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Jesse Warden
Jesse Warden

Posted on • Originally published at

AWS Lambda Function Design Best Practice

When designing AWS Lambda’s, try to keep the side effects low. Think of your handler function having just 1 IO type. Just like a list can be typed as Array[string], try keeping just one IO type as well.


const handler = async event => {...}
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Event -> IO[String]
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I know this is hard. If your function does even just 2 things, like reading a file from S3, then writing it to Dynamo, that’s 2 IO events. Still, that’s just 3 possible responses: it worked, S3 failed, Dynamo failed.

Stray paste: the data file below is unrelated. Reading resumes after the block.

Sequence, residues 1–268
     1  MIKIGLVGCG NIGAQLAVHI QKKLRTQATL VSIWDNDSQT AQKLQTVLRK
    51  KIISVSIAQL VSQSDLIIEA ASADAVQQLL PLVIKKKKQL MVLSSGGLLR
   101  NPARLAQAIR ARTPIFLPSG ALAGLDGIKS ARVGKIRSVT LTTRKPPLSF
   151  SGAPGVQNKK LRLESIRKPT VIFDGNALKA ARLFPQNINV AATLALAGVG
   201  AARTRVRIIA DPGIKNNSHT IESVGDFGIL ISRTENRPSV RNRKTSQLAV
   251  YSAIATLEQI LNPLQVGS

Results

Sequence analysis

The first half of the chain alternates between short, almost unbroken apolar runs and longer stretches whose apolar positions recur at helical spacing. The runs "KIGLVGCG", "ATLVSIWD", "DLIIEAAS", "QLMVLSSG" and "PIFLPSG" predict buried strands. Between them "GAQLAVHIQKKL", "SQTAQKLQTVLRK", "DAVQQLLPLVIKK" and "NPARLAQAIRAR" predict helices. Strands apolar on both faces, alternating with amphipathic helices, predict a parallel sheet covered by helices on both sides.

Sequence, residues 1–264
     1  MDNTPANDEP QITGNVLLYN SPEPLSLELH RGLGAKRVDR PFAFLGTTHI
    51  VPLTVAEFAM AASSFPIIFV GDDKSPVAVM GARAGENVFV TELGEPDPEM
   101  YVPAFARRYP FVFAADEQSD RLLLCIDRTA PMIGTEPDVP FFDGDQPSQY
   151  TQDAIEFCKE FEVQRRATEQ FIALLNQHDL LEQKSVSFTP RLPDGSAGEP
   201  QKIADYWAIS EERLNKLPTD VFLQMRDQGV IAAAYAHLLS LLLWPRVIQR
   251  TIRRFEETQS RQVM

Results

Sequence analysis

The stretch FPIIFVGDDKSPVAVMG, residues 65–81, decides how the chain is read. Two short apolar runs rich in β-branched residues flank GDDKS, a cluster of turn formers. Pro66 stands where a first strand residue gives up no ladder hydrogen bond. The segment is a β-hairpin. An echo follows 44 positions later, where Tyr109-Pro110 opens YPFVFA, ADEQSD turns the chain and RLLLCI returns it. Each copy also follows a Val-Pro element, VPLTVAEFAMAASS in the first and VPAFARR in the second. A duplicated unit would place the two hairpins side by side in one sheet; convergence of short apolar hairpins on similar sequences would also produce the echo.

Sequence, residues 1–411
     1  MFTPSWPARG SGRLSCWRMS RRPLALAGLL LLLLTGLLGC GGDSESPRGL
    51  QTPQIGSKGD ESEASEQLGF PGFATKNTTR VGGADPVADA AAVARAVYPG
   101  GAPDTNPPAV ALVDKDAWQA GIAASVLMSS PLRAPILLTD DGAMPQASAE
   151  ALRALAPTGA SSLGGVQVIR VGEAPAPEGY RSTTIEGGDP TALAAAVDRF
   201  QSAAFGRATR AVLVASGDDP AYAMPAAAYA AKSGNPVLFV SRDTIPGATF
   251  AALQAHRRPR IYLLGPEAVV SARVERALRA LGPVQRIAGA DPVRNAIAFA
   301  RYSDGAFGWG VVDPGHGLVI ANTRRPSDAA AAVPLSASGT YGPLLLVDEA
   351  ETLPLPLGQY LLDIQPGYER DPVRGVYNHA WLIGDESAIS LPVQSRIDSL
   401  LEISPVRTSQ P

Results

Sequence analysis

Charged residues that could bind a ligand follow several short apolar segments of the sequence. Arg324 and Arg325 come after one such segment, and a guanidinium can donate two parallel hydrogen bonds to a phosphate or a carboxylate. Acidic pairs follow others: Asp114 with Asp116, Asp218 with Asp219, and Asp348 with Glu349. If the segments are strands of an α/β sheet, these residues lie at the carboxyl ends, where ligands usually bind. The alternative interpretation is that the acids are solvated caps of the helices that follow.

You’ll be quite surprised at first how quickly “just 1 function” grows in complexity. If you’ve experienced “big ball of mud” or “big code base that has no friends”, you’ll get WHY you start so small on purpose.

AWS Lambda best practices encourages small, stateless functions. To say it more formally, they encourage small file size pure functions, with as little IO as possible.

It may be easier to co-locate code in 1 Lambda even if it creates more side effects for ease/speed reasons, which is ok.

If Python, use returns library with the IO marker for mypy.

JavaScript, return a Folktale v2 Result in a Promise.

TypeScript, use fp-ts with their IOEither (they’ll encourage a chain, but inside a Promise is ok).

Scala, ZIO has all kinds of IO types to choose from.

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